A DEDICATED MAN by Peter Robinson

First of all I would like to apologise for my absence of late. Life sometimes gets in the way of things, and my time for reading has been somewhat limited. That and I had great difficulty getting into the John Grisham novel I’d picked for this flash back month. Disappointing, but hopefully I can gain some momentum with it soon. Moving along to the good stuff…

A Dedicated Man by Peter Robinson is the second in the Inspector Banks series, and was written in 1988. This time the Chief Inspector is called out to Helmthorpe in Swainsdale to investigate the murder of a local historian, Harry Steadman. Steadman was hit in the back of the head with a blunt weapon and dumped by a stone wall. Nice right? He was “a dedicated man”; very involved with his work and in a happy relationship with his wife, Emma. He has a strong working relationship with his assistant and editor Michael Ramsden, has a fan and good friend in Penny Cartwright, and often drinks with a local entrepreneur and author at a pub called the Bridge. And, as in all good mysteries, everyone is a suspect. Robinson’s gift is to drop numerous red herrings and make everyone look guilty, or at least appear to have reasonable motive.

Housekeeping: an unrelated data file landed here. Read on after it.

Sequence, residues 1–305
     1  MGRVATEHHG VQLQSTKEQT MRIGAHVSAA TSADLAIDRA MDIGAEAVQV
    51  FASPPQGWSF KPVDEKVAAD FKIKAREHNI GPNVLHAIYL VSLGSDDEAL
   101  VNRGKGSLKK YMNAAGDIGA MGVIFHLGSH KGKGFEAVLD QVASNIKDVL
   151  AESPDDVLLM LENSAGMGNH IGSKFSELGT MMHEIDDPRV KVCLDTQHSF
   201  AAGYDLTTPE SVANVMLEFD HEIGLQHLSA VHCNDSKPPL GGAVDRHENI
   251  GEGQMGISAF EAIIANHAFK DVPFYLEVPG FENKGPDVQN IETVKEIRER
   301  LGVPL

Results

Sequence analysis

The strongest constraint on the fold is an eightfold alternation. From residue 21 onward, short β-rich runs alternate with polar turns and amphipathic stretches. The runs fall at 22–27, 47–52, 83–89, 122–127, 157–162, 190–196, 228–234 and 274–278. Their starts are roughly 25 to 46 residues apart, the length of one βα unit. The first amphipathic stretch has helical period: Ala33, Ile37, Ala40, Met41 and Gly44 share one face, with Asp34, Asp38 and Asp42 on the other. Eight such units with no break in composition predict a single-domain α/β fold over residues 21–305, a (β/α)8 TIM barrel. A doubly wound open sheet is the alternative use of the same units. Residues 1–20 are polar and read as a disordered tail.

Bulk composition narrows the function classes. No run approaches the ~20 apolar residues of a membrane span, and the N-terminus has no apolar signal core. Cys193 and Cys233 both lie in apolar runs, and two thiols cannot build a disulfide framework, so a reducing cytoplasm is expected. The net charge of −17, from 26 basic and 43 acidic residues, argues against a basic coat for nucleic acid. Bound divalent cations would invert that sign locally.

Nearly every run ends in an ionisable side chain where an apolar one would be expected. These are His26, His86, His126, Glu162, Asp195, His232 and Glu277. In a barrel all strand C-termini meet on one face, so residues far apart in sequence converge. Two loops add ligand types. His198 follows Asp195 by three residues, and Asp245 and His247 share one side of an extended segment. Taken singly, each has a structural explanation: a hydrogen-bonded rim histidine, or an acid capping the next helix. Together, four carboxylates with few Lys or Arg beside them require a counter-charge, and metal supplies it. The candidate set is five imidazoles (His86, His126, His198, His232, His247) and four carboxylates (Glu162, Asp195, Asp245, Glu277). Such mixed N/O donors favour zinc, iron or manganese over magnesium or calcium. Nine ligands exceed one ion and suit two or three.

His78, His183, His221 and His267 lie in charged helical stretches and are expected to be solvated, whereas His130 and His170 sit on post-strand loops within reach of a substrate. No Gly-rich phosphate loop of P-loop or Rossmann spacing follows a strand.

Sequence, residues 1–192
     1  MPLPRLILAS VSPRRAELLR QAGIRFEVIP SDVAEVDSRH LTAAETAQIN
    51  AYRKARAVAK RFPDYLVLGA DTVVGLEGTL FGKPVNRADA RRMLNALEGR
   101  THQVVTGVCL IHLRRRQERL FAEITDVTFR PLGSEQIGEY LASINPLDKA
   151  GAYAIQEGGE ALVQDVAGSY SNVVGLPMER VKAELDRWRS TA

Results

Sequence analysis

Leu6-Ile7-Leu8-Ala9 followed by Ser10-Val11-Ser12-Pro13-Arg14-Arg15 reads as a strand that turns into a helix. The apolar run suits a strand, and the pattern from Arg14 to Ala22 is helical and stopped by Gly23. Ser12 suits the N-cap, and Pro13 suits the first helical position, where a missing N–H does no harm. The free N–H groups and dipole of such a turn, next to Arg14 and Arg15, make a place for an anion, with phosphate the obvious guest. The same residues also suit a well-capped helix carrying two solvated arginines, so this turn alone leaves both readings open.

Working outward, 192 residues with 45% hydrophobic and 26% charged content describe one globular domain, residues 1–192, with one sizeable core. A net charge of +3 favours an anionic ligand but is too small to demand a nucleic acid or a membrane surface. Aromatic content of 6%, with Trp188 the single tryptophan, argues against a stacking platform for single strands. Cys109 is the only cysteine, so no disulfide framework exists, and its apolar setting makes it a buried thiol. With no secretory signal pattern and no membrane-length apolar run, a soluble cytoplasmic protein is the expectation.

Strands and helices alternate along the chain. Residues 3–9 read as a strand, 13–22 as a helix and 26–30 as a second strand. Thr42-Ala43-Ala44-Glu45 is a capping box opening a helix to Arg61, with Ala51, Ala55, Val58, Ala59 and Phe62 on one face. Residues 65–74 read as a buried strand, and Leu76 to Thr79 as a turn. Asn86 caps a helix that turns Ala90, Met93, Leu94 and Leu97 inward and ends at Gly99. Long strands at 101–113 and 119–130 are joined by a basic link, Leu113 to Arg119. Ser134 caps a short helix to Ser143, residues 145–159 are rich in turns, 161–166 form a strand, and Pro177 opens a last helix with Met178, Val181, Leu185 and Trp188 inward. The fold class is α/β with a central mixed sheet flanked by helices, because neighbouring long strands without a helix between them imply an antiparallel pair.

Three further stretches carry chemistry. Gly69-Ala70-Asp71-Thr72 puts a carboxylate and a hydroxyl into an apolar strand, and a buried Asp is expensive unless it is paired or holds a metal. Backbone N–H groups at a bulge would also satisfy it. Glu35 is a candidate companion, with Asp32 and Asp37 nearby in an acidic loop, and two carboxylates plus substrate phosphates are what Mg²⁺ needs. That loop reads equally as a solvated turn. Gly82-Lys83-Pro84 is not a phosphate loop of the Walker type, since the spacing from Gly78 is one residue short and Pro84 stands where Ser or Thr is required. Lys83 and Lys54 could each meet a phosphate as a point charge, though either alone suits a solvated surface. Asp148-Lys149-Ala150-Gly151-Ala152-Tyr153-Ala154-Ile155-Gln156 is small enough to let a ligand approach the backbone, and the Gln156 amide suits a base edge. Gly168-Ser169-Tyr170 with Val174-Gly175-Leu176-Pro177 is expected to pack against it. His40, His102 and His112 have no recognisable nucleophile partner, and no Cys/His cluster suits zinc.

So Banks begins to investigate the life of Harry Steadman. But digging through the past can upset people, and the further Banks gets, the more obvious it becomes that the past is more dark and complicated than he could ever have imagined. The situation is made all the more complicated when a local teenager becomes involved and tries to take the case into her own hands. Sally Lumb, albeit bright and inquisitive, is young and naive, is privy to some fairly pertinent information regarding the case. Her poor decision making, however, lands her in trouble. Banks must then try to solve Sally’s mystery without alerting too many people to the fact that the killer may be ready to strike again.

I love Peter Robinson’s books. I know that’s a big statement considering I’ve only read two, but his writing style and his emphasis on old fashioned detective work makes his books easy and enjoyable to read. They are quickly devoured, but delivered at such a thrilling pace that picking the killer is damn near impossible. Writing a good crime novel means giving away a little, but not too much information, to keep the reader guessing and to make the whole experience exciting. If you like good crime novels, I urge you to read Peter Robinson.

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